1. There is always a choice in life. Choice is inside our heads. How do we think even if choice appears to have been taken away, how do we act? Women in Paris faced an extreme: would I have walked out of a cafe if a German soldier entered thereby risking my life? Would I have delivered political leaflets, what exactly would I have done to help a friend in prison standing up for what he/she believed in?
2. Women can handle weapons and are extremely brave under torture sometimes more than men because they have to prove themselves.
3. Right and wrong are not always clearly defined. There is a great big muddy grey area in between. The photographer who took the image on my book cover, Roger Schall, survived four years of enemy occupation by publishing photographs of monuments and buildings in Paris, and landscapes in France with captions in German for the German market. In return he was allowed to take photographs in and could capture the atmosphere of enemy occupied Paris which otherwise might never have been understood.
4. Learning a foreign language may be a life saver … as several camp prisoners said that understanding what their captors were saying helped keep them sane and retain some power over their situation.
5. Never procrastinate or put off to tomorrow…the story of Miriam Sandzer (and many others) clearly indicates that had she gone to England with her fiancé when she had the chance and he first asked her, she would have been spared much of her subsequent torment but she could not abandon her elderly parents and dithered, however understandably.
5. The world has double standards … Look at the way women were punished after the Occupation, often shaven and humiliated, without trial, for degrees of fraternisation with the enemy while the men, many of whom practised economic or industrial collaboration, often got away without punishment after the war because their businesses were necessary in the rebuilding of the country. One reason for punishing the women was revenge, or ancient settling of scores or to cover their own shame at a humiliating military defeat.
6. French women really ARE different especially the way they think about Fashion. Looking your best at all times was considered a way to show the German occupier that they were not beaten, that they retained pride in their own identity. Even arriving at the prison camp in Ravensbrück other nationalities noticed how French women looked elegant.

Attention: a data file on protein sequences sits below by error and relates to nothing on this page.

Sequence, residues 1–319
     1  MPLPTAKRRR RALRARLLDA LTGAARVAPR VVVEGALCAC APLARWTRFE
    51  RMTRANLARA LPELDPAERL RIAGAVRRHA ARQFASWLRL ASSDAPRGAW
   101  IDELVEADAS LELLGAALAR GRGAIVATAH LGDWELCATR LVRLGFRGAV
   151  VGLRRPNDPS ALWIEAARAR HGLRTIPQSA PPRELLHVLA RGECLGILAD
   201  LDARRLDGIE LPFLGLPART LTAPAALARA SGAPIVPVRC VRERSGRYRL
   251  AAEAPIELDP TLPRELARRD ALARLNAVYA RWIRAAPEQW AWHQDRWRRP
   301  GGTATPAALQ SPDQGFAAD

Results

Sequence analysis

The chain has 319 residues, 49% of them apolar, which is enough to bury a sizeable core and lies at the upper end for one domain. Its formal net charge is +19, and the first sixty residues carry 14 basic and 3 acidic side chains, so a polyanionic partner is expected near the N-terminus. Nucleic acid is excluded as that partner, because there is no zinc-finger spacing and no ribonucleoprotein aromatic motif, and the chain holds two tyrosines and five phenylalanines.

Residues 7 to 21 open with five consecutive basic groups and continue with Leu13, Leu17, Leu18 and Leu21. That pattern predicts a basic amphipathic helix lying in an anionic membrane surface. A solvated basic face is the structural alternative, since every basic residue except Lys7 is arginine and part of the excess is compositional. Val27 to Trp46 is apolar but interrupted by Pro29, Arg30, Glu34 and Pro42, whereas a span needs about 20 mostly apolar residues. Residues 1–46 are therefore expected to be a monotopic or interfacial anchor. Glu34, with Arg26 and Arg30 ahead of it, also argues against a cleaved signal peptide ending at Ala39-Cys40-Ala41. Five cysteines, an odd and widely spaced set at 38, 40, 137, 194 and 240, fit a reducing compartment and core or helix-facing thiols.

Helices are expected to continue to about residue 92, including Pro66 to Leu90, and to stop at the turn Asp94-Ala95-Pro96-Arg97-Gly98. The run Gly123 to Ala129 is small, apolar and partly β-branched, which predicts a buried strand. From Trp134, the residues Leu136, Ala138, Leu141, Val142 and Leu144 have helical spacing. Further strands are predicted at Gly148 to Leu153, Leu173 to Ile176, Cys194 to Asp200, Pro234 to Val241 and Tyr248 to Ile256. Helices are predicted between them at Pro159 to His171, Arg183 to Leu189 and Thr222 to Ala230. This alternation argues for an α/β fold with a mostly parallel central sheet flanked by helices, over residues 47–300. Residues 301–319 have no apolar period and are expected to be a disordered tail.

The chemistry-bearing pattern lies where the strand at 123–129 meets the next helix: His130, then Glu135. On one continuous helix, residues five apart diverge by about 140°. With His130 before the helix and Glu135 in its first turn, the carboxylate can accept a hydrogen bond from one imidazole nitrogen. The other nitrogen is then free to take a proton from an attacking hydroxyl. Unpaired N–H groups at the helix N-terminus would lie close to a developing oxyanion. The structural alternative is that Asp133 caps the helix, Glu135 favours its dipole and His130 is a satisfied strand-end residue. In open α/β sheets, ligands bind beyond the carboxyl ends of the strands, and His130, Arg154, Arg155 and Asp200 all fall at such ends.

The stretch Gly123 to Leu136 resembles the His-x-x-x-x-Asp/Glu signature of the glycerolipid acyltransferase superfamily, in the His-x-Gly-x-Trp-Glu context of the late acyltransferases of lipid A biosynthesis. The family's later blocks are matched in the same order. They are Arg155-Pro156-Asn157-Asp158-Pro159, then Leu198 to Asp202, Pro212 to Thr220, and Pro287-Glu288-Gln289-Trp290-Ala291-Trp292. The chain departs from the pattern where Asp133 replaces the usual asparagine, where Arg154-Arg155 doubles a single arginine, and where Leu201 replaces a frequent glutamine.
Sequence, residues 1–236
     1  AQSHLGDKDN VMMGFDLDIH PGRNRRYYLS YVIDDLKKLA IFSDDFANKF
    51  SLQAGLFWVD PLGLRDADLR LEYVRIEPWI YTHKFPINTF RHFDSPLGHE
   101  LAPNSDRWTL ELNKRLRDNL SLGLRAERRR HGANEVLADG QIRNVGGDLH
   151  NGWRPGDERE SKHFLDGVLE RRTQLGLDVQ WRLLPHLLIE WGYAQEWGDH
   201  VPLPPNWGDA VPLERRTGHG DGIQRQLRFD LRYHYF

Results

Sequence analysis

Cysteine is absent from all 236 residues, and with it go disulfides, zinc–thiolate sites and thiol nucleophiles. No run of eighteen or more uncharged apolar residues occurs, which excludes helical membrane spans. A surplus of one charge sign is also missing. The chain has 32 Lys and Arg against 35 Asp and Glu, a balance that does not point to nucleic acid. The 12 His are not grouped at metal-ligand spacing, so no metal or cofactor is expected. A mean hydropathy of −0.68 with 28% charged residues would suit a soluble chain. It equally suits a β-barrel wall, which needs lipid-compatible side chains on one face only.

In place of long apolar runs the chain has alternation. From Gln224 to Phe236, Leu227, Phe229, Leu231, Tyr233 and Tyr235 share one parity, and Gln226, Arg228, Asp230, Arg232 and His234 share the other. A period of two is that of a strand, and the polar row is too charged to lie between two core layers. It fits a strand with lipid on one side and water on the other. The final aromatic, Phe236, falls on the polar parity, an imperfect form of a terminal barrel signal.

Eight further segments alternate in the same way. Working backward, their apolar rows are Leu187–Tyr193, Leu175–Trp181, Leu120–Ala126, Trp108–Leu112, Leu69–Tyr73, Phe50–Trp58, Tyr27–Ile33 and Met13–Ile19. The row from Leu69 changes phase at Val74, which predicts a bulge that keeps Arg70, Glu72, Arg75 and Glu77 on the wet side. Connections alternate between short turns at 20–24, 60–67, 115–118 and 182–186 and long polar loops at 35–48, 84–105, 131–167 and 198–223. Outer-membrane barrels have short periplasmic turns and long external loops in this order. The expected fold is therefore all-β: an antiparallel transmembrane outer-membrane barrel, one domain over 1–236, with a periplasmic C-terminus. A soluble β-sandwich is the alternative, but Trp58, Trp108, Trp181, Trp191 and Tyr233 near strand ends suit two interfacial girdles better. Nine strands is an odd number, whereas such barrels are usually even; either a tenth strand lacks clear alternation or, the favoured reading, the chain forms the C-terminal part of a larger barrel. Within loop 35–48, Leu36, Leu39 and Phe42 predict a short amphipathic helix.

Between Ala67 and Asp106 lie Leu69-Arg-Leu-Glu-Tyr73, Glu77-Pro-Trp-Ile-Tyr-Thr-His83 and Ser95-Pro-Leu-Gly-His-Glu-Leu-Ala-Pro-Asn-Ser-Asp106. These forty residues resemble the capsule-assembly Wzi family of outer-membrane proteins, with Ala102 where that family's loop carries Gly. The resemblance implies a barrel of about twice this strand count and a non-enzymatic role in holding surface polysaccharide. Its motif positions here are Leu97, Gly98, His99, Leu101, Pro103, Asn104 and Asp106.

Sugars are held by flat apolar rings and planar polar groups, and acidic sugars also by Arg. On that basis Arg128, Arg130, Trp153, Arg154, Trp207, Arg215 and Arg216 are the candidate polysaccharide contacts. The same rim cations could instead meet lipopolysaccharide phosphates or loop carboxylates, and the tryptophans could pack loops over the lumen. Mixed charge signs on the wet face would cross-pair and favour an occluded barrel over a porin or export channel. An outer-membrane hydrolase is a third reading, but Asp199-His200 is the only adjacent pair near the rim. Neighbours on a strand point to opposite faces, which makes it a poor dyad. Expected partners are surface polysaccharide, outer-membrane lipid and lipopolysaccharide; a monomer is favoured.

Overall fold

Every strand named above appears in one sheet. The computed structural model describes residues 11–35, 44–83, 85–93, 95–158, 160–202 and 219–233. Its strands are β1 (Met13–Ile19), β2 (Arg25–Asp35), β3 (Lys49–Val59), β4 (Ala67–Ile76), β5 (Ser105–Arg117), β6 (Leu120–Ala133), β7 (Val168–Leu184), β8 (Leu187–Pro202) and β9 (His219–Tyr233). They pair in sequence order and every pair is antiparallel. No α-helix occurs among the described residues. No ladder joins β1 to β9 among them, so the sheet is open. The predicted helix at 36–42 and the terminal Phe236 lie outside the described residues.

7. How much of Paris life carried on as normal during the occupation for some people such as those with access to theatres and cinema life flourished. Cinemas were warm places for couples to go even to make love but keeping the opera houses, theatres and cultural institutions open was playing in to German hands as it pleased the enemy to enjoy the entertainment Paris had to offer.
8. How easy it is to close your eyes to things happening on your own doorstep and do nothing. There were warehouses in central Paris, camps for those who could prove they had an Aryan spouse, which were used as sorting centres for looted goods to be sent to Germany.
9. How privileged I and my generation are to have grown up in peace and security as a child of the post-war period of plenty. I have never experienced real fear.
10. Being a mother puts choice into a different category. Some mothers slept with Germans simply to get hold of food for a starving child, others bravely handed their children over to a passeur, a social worker or nuns, rather than risk their certain death, yet had no idea where they were being taken nor if they would arrive there safely .
And number 11 (because I believe in adding one more for luck! )
War can also be a time of fulfilment and an opportunity to meet people from other milieus and can give an erotic charge to an otherwise dull life…Comtesse Pastré, newly divorced, discovered she could be a force for good by opening her Chateau to refugee Jewish Musicians from Paris and Odette Fabius, from the haute bourgeoisie, disillusioned with her husband’s philandering, became a resistante and fell passionately in love with a Corsican communist trade union leader in Marseilles.